December 5, 2019
How to Link Heart Health to Insurance
Life and critical illness products protect policyholders from financial loss but until now have helped little on safeguarding customers’ health.
Cardiorespiratory fitness (CRF) is a measure of the body’s ability to supply oxygen to muscles, including the heart, during sustained levels of exercise. Whether you believe the hype that just sitting around poses a significant health risk, the truth is that most people could do with exercising more.
An inverse association between CRF and mortality is well-established. A recent study of the long-term mortality of physically active adults found the benefit of increased CRF is independent of age, sex, race/ethnicity and comorbidities. Exercise provides numerous health benefits, including reduction in coronary artery disease, hypertension, diabetes, stroke and cancer.
The same study confirms that the greatest chance for survival is associated with the highest aerobic fitness, debunking the notion that exercise benefits plateau quickly or even result in harm. So there really is no excuse for running a bath instead of a mile, or indeed for avoiding any exercise you fancy that increases resting heart rate. This is good news.
But as everyone’s level of cardio-fitness is different, the correct dose of exercise needed to confer any real benefit is less obvious.
That gap in accessible knowledge is why it’s also good news that there has been such progress with Personalized Activity Intelligence (PAI), a health score that measures cardiorespiratory fitness (CRF). PAI helps add years of healthy life through personalized activity engagement and has been scientifically proven to reduce the risk of cardiovascular disease and early death. PAI provides individual guidance on the most beneficial exercise dose by measuring heart beat data and translating it to a PAI Score.
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PAI takes account of resting and maximum heart rates adjusted for exercise intensity and collected over a seven-day rolling period to encourage consistent exercise behavior. Any activity that increases the heart rate above a threshold and into the CRF training zone may generate points, meaning people of all fitness levels can score points from activities they enjoy; whether that’s kayaking down rapids, mowing the lawn or running after the grandkids.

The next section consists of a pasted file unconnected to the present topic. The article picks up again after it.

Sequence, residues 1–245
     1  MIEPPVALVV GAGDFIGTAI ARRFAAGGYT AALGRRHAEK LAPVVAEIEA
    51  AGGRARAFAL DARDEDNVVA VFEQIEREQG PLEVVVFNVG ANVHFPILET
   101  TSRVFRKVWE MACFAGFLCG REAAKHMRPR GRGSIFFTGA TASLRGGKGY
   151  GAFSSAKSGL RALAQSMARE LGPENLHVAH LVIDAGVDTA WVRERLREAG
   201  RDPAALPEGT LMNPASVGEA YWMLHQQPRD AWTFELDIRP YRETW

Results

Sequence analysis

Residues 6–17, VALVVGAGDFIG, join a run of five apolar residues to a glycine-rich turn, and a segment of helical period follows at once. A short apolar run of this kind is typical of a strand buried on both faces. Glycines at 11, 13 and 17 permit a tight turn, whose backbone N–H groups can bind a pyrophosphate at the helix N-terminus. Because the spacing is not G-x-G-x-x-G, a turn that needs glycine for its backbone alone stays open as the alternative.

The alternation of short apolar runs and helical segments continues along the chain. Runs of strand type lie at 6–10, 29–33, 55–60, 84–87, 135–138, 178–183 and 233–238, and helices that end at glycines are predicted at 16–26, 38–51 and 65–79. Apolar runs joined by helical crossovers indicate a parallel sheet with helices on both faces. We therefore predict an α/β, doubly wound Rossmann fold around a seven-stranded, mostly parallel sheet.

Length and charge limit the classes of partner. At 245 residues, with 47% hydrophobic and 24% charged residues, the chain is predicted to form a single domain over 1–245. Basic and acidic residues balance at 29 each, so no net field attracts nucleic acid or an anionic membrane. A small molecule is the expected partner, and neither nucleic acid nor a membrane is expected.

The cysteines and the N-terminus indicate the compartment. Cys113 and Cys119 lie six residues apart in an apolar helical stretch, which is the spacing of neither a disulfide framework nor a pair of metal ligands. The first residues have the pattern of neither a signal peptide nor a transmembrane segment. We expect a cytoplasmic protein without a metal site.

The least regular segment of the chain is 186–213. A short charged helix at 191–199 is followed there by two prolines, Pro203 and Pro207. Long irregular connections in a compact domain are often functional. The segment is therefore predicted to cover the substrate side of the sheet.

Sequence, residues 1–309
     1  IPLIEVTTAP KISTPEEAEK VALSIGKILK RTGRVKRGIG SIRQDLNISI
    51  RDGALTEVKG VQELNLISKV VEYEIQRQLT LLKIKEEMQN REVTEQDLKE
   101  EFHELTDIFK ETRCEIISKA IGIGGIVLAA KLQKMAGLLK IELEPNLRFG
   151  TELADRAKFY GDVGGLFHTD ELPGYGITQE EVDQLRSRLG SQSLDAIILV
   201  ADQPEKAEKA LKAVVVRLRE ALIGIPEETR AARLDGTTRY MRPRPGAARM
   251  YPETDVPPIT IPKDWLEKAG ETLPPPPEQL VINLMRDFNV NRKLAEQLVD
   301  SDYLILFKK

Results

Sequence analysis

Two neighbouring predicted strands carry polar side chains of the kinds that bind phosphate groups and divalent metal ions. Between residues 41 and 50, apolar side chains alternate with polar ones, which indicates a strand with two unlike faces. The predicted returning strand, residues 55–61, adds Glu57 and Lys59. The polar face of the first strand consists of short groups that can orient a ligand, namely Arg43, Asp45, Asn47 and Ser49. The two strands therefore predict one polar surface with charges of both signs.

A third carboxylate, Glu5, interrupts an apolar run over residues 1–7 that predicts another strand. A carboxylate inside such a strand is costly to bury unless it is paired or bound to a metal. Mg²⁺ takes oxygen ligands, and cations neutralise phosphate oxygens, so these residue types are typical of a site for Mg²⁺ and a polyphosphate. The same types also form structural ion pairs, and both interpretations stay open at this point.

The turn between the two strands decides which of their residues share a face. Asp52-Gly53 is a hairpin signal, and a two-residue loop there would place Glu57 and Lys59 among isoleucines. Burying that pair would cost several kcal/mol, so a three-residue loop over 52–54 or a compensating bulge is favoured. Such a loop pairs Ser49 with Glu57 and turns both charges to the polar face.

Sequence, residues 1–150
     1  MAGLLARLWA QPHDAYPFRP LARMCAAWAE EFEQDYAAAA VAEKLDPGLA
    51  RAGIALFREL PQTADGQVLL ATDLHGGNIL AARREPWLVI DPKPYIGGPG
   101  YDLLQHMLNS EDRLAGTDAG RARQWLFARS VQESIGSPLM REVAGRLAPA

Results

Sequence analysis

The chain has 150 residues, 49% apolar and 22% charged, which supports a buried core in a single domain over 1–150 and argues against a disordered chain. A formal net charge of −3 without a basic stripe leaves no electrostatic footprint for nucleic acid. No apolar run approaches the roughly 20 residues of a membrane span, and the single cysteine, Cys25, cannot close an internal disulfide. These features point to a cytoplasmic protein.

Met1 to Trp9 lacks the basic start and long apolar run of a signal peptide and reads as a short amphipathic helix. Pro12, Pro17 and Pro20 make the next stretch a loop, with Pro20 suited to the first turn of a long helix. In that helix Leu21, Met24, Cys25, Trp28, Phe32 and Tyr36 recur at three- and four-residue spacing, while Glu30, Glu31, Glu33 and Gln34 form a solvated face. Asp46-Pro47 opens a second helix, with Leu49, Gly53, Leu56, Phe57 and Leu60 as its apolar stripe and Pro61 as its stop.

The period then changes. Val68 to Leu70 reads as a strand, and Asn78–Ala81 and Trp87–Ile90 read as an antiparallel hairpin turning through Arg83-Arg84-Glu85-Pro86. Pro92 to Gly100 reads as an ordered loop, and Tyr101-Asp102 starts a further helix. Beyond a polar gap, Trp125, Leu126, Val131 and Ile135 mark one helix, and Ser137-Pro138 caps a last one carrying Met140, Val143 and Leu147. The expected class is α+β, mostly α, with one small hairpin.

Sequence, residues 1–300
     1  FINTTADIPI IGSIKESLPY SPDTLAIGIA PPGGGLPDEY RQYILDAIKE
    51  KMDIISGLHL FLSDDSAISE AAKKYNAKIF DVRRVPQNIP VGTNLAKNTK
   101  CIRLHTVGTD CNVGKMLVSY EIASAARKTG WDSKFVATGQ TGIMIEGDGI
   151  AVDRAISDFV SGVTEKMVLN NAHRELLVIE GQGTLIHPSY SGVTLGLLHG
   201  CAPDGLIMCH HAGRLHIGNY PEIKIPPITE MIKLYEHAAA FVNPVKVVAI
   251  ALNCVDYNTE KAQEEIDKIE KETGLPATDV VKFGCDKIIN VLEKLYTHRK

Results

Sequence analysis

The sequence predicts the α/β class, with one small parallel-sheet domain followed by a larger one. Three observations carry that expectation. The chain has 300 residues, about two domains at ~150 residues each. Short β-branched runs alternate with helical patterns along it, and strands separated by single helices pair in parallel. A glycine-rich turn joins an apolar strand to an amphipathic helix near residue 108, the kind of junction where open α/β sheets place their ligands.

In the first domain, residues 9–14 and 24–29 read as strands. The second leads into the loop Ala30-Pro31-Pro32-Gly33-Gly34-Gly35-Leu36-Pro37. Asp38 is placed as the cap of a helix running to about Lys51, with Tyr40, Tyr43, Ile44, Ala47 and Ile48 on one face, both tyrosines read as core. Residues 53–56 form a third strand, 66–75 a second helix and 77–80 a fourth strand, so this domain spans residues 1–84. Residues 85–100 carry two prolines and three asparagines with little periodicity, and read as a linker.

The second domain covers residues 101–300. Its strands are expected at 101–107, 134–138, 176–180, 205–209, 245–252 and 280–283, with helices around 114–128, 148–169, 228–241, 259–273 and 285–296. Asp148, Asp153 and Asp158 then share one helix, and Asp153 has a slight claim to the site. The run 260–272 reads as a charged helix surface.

Physical activity can be measured simplistically but without much insight into the physical workload achieved. PAI, however, measures heart rate and uses an algorithm that calibrates to an individual’s heart effort and is helpful in creating personalized programs for sustained physical activity. PAI has shown the positive impact that sustained physical activity has on heart health and represents a more effective and realistic approach than setting daily step or exercise targets.
The guidance indicates when the intensity of exercise does not contribute to increased levels of CRF or when fitter people with higher heart rate reserve (the difference between resting heart rate and maximum heart rate, which is used to calculate the optimal cardiorespiratory fitness level in aerobic exercise) need to challenge themselves more.
Life and critical illness products do an amazing job protecting policyholders from financial loss but until now have provided little practical help in safeguarding customers’ health. We believe PAI has the potential to motivate behavioral change, helping policyholders to become more physically active and stick to it, while reducing their risk of disease and premature death. As insurance seeks to shift its emphasis from protection to prevention, this winning formula is possibly some of the best news yet.
See also: Intersection of Tech and Holistic Health
Hear more about the science behind PAI from inventor Ulrik Wisløff, professor at NTNU and head of the Cardiac Exercise Research Group, in this short interview:
To find out more, contact Ross Campbell.